Over our nearly 100 year history, the Society has seen wars of man and artist, changes of taste and leadership, success and failure. All of these events have led to the thriving group of exciting artists we currently call our Members and to the successful gallery we are so privileged to enjoy in the Mariners’ Church.
It’s been a busy few weeks in the Society and December still has much more to offer us all!
We started the month with our annual Christmas Open Exhibition – an event which this year attracted over 300 artworks, ceramic and sculpture submissions. The curatorial team had a big job to choose which pieces made it onto the walls and we would like to thank everyone who took part and entered work. With the whole gallery hung floor to ceiling, they managed to find a place for 264 artworks!
The first weekend of the exhibition was marked by our Private View event. Many of you ventured out in the wind and rain to join us and made it a wonderful afternoon of mulled wine, mince pies and music. We loved seeing you all and hope you had fun.
The gallery is open 11-4pm (closed Sunday) for anyone who hasn’t been able to drop in yet and view the exhibition. Our Christmas opening times can be found further down this newsletter.
The date for collection of work shown in the Christmas Open is Monday 2nd January 2023. If your pieces were selected, please make sure you attend the gallery on this day as we close for maintenance work after this. If you are unable to make that date, please let the office know in advance.
The Society is very pleased to be opening applications for new members in 2023. The pack with information on how to apply can be found here: New Member Application. Please bring your work to the Mariners’ Gallery on Monday 9th January 2023 to be considered – we wish you the best of luck if you choose to apply!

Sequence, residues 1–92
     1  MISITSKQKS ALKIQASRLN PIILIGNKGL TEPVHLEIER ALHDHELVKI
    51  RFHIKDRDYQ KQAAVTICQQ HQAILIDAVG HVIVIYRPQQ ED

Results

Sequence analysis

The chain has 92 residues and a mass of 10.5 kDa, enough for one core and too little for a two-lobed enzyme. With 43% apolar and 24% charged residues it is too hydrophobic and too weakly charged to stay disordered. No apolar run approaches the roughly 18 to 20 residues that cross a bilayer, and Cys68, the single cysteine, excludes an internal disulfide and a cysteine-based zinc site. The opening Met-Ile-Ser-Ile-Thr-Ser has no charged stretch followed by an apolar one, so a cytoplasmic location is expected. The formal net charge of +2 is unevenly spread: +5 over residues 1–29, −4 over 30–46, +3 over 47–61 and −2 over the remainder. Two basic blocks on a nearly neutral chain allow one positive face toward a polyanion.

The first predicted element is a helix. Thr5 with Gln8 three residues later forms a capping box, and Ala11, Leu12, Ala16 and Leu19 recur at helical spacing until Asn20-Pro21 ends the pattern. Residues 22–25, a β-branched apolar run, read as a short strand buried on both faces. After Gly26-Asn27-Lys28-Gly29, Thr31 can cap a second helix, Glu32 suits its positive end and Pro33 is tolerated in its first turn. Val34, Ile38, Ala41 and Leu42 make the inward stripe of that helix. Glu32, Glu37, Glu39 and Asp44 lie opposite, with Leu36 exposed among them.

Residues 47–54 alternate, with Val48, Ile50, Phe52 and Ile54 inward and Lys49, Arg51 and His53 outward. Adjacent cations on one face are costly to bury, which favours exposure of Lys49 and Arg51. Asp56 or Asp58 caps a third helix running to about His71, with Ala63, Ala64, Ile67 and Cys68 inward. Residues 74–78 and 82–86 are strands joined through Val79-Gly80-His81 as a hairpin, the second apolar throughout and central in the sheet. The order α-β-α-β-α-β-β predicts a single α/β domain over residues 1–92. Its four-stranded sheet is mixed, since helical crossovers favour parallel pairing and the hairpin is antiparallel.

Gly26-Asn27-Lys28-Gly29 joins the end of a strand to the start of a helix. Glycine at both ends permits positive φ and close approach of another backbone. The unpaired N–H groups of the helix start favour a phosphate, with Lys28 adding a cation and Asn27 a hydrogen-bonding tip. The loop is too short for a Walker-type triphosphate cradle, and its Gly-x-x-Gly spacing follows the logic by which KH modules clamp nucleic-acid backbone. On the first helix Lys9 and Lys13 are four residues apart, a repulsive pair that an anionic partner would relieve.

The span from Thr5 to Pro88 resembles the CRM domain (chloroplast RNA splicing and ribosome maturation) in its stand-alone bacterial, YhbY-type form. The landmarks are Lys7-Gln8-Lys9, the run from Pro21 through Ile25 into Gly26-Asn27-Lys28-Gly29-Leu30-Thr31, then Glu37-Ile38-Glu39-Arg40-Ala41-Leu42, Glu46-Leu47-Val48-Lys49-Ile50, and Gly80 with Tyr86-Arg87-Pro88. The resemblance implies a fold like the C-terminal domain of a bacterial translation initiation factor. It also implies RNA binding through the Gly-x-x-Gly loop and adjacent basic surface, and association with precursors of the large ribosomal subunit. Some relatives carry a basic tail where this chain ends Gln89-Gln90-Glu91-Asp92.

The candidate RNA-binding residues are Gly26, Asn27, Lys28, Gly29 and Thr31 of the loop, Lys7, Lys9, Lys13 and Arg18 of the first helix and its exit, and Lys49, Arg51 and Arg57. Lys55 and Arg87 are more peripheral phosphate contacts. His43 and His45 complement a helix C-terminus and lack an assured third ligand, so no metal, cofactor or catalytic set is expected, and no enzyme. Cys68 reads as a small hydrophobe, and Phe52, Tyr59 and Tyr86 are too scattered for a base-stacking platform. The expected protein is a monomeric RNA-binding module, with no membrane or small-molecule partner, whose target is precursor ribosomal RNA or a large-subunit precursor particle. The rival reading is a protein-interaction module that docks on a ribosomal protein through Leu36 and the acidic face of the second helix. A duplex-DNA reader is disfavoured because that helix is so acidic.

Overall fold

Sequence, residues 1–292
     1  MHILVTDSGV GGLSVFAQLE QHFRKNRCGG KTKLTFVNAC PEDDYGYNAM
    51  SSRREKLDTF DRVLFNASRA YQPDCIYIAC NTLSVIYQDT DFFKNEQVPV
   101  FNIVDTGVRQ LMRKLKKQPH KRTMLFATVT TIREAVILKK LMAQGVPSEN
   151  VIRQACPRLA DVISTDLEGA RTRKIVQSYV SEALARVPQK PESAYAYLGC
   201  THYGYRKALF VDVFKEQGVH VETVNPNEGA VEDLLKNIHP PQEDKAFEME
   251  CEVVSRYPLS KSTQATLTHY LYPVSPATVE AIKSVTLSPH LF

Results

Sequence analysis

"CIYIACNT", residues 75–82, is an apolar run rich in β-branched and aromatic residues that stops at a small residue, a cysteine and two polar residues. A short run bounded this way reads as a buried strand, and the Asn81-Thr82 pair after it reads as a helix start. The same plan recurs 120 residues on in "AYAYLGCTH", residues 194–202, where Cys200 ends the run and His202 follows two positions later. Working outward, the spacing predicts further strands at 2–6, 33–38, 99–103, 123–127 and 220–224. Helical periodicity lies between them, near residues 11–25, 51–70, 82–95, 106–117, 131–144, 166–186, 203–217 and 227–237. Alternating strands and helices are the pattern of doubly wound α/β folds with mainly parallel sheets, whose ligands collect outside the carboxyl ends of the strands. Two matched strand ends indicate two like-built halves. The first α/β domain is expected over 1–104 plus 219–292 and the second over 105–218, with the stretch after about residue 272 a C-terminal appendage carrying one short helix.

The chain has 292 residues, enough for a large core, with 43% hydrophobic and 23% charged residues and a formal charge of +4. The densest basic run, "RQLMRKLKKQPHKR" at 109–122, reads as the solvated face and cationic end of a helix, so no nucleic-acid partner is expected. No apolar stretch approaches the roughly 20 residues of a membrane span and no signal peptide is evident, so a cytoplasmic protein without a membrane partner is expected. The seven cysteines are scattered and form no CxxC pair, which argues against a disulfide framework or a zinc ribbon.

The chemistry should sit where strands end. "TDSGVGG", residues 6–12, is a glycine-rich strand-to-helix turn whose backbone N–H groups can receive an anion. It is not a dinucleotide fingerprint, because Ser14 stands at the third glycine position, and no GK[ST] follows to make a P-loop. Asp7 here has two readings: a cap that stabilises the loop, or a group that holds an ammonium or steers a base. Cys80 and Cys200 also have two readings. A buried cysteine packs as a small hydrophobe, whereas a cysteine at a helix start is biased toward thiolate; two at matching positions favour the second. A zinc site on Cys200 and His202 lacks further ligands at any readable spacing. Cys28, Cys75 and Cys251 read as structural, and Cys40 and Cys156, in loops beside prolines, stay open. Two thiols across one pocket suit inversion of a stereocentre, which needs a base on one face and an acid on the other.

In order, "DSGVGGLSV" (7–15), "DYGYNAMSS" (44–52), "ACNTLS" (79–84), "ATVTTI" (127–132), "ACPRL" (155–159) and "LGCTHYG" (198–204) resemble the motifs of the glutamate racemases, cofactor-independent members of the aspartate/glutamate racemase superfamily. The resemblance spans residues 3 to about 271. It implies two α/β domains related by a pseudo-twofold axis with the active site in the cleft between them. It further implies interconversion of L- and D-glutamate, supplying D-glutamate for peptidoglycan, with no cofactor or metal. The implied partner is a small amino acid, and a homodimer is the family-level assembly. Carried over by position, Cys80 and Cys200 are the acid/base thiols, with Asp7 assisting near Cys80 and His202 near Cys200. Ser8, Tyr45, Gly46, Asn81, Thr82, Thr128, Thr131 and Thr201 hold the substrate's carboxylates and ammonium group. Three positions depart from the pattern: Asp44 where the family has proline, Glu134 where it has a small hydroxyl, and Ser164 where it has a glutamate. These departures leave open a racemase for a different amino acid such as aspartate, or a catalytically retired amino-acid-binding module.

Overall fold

This month in the Crypt Gallery we have an exhibition of work from Marie Keeling and invited friends, including Peter Giles, Zoe Eaton, Laurent Sykes and Glyn Walton. If you are waiting with anticipation for Marie’s annual tabletop sale then she has dedicated a small area of the Crypt to this already.
The tabletop sale will begin in the Crypt on the 20th January 2023 – any donations of clothes, shoes, furniture, books or other items will be gratefully received and funds raised go towards work on the Mariners’ Church building. Please speak to Marie Keeling for more information.
Wishing you all a very Merry Christmas and a happy New Year!
The home of the St Ives Society of Artists can be found in the Downalong area of St Ives town. A labyrinth of narrow cobbled streets and alleyways lined by granite cottages, the old town area radiates from the working harbour which has appeared in countless paintings and photographs. The Mariners’ Church forms a majestic foil to the jumble of smaller buildings and the imposing roof can be seen from almost every vantage point.
St Ives in the 19th century was a vibrant hub of fishing, most of which was exported to the Continent to meet demand for sardines, mackerel and herring. The townspeople lived from fishing but their community life revolved around religion and, in particular, the churches and chapels in the area.
During the mid-1800’s the Anglians leased an old loft, known as ‘The Long Run’ which served as a Church Infant Schoolroom and then in 1867 became the School Chapel. By 1892, the Anglican vicar of St Ives Cannon John Balmer Jones MA, proposed that a new church be built for fishermen in the town. It was only after his death in 1901 that the funds were finally raised to make his dream a reality.
The site containing the Chapel was officially purchased in 1903 and Plymouth architect Edmund Sedding was commissioned to create an imposing gothic building to strengthen faith and congregation numbers. The building was never finished. Visitors today may notice that the niches stand empty of their intended saints and the bell tower never got its spire.
In 1905, the Bishop of Truro dedicated the building to St. Nicholas, the patron saint of fishermen and children. Despite the church being designed to accommodate 270 parishioners, only 100 attended the opening. Fishing families were largely non-conformists and the town already had many Christian factions. The Anglican Church faced particular difficulties in winning people over following an age-old dispute about the Church levying tithes on fish landed in the harbour.